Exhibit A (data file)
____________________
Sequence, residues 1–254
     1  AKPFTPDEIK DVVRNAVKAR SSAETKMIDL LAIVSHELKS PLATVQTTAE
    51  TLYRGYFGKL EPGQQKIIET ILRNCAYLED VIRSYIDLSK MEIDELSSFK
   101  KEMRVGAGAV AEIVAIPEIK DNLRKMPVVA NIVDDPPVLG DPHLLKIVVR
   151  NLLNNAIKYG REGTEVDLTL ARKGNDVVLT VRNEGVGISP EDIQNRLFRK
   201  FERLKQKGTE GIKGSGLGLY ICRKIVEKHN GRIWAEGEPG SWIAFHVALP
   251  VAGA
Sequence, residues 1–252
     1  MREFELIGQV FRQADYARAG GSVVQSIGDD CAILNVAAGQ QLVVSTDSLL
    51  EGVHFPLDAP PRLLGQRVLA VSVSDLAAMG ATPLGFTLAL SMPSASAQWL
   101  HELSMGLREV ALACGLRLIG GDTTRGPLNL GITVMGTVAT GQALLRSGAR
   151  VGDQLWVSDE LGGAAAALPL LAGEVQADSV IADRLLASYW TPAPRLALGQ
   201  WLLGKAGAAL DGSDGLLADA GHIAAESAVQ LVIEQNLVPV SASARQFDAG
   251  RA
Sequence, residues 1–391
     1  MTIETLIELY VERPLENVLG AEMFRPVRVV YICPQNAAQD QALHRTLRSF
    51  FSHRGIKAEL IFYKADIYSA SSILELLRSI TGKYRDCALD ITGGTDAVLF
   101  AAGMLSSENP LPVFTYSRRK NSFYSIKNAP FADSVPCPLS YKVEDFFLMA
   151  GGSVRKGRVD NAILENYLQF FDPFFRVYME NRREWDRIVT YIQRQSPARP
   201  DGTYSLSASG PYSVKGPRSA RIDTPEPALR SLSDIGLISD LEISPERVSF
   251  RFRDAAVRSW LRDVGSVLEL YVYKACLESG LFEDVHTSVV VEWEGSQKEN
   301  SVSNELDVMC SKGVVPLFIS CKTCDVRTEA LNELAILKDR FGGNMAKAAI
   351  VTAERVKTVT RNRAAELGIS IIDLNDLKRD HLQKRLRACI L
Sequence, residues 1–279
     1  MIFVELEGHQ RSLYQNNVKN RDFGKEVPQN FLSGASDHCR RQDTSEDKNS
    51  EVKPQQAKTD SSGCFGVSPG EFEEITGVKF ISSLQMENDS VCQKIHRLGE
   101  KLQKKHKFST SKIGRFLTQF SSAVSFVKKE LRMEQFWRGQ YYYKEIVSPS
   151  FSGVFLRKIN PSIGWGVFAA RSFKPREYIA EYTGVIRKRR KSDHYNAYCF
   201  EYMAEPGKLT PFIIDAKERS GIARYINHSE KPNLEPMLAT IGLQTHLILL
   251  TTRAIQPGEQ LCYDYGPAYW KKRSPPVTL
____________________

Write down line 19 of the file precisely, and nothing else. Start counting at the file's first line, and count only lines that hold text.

   151  GGSVRKGRVD NAILENYLQF FDPFFRVYME NRREWDRIVT YIQRQSPARP